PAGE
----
Thanks again
Pat
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Csabai

Post by snagman » Sun Sep 23, 2012 01:50

NorthFork wrote:Snagman-thank you for your help and for your recipe.

I have a couple of questions:

#1- When you season the meat (before grinding), do you include the cubed fat or reserve the unseasoned(frozen) fat until the grinding stage?

Hey Pat,
The fat grinds best when in a frozen state, so I don't include that at the seasoning stage, and, it is a desired appearance that the fat pieces are as white as possible.

#2- What would be the preferred temperature range for resting and also curing this product in the refrigerator? I have 3 that have temps of 33-34°F, 35-36°F and 38-39°F, I presume the upper range would be OK but wanted to get your opinion.

You are right, 38-39° F for drying. Would like to see photos of your csabai ! Regards, Gus

Thanks again
Pat
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Post by el Ducko » Wed Sep 26, 2012 15:25

ssorllih wrote:Sorry that answer is above my pay grade. :lol:
Hey, Ross! Now that you've gotten promoted (presumably to a higher pay grade)(2 times zero is still zero, huh?) :lol: , maybe...

Naah! Next topic: what's the news on our Csabaii recipe? ...any helpful hints, folks? What's holding me up is the smoking requirement. I just bought a propane smoker, and am finding that I can't get the temperature low enough. ...any ideas?
---smoke with the door open?
---smaller burner?
---some sort of baffle arrangement?
---saw a hole in it and feed more air?
---forget about propane. Stick a hot plate inside to get the wood chips smoldering?
---spend another fifty bucks for that "Amazin" gadget?
---separate the smoke generator from the smoker cabinet with a long length of stove pipe or downspout pipe? (Build some sort of smoke generator to hook to it)

As always, thanks in advance for the help. :mrgreen:
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Post by nuynai » Wed Sep 26, 2012 16:42

Do you have a chimney on your smoker. On mine, that's how I control the removal of moisture before smoking and than temperature. A lot of my recipes call for, having the chimney vent, 1/2, 1/4 or totally open. Trust your thermometer. I wouldn't use propane for various reasons. Hot plate would be the way to go, at the least. Think with the 2, you'd get what you're looking for.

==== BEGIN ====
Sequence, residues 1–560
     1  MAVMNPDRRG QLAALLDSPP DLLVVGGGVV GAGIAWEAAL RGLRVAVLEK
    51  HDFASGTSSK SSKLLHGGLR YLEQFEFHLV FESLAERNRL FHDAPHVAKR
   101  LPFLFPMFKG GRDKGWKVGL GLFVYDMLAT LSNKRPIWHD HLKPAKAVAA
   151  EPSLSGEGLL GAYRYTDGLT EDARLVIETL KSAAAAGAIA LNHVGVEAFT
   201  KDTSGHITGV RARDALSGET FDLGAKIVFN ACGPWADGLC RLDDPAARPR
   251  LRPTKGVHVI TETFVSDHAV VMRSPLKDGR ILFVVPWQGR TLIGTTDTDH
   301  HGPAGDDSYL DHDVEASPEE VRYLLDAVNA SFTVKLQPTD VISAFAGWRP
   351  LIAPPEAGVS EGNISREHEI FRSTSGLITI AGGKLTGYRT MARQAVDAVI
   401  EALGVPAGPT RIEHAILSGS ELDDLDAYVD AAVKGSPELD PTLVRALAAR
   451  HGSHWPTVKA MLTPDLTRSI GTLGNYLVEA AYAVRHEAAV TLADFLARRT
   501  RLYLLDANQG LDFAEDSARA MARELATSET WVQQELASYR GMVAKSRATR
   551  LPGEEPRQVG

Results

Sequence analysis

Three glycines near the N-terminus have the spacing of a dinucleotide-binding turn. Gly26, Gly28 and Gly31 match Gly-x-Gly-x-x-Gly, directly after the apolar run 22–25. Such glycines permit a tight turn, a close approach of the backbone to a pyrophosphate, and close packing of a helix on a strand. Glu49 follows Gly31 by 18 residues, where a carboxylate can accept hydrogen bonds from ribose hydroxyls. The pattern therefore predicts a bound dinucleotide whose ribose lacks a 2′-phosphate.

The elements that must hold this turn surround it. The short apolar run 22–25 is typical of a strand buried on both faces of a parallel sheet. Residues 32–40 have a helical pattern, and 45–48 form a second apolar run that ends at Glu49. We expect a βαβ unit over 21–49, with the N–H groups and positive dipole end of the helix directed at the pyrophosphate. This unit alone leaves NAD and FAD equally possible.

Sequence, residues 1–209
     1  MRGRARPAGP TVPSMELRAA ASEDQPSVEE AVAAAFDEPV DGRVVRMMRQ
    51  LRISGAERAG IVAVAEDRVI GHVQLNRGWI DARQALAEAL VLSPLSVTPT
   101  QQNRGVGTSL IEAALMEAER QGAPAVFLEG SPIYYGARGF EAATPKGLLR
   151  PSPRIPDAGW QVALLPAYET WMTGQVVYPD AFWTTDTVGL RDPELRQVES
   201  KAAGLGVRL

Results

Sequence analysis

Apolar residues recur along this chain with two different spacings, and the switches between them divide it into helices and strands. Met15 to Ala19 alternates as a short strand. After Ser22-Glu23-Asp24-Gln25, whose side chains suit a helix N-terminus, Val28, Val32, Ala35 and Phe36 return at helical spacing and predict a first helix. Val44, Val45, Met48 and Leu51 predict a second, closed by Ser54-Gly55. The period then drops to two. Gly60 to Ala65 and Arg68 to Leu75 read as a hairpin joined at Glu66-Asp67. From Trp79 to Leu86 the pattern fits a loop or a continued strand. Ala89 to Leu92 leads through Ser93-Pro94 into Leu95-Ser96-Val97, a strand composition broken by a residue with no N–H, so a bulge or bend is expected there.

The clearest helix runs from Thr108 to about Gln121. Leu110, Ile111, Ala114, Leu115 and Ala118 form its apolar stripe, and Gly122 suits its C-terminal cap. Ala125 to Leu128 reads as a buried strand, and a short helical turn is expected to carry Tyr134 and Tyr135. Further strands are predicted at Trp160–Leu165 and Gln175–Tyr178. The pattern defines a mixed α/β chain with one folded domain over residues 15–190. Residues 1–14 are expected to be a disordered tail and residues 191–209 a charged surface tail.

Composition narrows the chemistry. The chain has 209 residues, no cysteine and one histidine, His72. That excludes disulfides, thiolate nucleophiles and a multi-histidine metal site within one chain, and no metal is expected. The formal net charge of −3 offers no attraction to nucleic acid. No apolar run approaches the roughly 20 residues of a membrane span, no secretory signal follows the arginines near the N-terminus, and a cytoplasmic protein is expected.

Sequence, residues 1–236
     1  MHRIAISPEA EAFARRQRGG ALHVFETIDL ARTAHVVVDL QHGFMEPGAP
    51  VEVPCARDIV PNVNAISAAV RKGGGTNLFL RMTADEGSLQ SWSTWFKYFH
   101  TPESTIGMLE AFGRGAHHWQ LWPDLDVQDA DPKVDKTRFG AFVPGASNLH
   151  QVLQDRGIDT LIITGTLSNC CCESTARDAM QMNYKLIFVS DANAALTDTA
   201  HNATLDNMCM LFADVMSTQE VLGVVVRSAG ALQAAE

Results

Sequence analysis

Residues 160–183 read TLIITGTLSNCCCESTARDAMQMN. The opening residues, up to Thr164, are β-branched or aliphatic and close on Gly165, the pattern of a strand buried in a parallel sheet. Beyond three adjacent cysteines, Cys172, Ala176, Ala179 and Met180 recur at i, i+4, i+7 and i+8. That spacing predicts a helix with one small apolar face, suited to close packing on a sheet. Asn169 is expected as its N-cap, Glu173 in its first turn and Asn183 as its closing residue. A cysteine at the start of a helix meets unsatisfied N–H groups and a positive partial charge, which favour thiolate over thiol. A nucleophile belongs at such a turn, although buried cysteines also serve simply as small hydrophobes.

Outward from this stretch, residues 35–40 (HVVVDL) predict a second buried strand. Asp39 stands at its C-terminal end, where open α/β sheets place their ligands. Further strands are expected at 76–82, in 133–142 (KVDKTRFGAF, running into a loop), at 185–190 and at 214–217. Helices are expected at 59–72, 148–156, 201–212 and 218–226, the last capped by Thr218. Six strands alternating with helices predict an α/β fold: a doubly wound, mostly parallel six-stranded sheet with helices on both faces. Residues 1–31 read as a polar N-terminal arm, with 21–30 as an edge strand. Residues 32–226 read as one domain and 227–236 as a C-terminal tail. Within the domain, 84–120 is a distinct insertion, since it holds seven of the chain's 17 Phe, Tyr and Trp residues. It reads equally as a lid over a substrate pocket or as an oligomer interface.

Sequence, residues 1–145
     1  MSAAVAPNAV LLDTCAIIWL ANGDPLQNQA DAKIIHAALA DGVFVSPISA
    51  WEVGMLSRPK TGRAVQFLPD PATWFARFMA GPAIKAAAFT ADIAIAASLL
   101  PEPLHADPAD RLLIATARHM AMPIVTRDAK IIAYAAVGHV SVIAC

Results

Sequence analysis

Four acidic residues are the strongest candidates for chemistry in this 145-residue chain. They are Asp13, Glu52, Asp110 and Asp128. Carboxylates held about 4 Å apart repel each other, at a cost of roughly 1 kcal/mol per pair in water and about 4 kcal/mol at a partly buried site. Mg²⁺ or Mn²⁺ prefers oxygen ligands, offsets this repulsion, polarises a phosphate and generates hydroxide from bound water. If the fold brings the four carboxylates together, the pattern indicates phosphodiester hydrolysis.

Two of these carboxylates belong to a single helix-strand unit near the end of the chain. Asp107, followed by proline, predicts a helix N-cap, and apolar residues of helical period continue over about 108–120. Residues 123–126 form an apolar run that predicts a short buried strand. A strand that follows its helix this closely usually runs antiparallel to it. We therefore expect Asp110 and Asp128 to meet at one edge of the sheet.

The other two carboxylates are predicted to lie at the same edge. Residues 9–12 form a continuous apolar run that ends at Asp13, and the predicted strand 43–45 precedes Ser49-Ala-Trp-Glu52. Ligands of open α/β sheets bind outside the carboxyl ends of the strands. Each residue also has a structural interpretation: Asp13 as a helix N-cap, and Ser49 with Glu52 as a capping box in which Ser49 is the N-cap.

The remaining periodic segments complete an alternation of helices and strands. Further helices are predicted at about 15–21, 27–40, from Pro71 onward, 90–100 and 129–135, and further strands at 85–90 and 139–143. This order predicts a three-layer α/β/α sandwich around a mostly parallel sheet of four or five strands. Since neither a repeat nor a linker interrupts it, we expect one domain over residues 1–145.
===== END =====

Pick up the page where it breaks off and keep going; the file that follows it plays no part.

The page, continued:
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Post by el Ducko » Wed Sep 26, 2012 16:57

nuynai wrote:Do you have a chimney on your smoker. On mine, that's how I control the removal of moisture before smoking and than temperature. A lot of my recipes call for, having the chimney vent, 1/2, 1/4 or totally open. Trust your thermometer. I wouldn't use propane for various reasons. Hot plate would be the way to go, at the least. Think with the 2, you'd get what you're looking for.
No chimney, but I do have a damper in the back that I can open or close. Wide open versus 1/4 open, there was little difference when smoking a chicken. ...still way too hot.

I think you're right on the hot plate. I'm now trying a hot plate with the chip tray from my new smoker, in my old vertical Brinkmann. After half an hour, I can't conclude much other than that it will probably stay quite a bit cooler. Smoke evolution is pretty light, but then, it really isn't up to a steady temperature yet.

Thanks for the advice. I'll post again, later. Hot plate for now. I don't plan to abandon the new smoker, but want to see if I can hold a lower steady temperature on the big Brinkmann. Any other suggestions, folks?

Sorry that this is buried in "Project B." We have that cold smoke requirement, though, for csabaii. :mrgreen:
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Post by nuynai » Wed Sep 26, 2012 17:02

How about input of air flow. If you aren't getting any in, that may be the problem about temp. control.
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Post by el Ducko » Wed Sep 26, 2012 17:16

nuynai wrote:How about input of air flow. If you aren't getting any in, that may be the problem about temp. control.
On the new rig, there's no way to throttle input air. ...just gas. (Good thing, too- - might go BANG!) Overall air flow is controlled by the damper which, as I think I mentioned, has been run at 100% open and 25% open. There was little to no effect on cabinet temperature, but then, there was a beer can chicken going at the time so plenty of liquid was available to evaporate and hold down the temperature to 220 or so.

But the real need is to go just above ambient temperature. With the gas control at lowest setting, the thing still operates at 220 or so. Looks like I need less heat input, which is why your suggestion to go to a hot plate is a good one.
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Post by nuynai » Wed Sep 26, 2012 17:29

With highs here in WNY at 65, I'm sure temp. is a lot less of a problem than in Texas. Hang in there and good luck.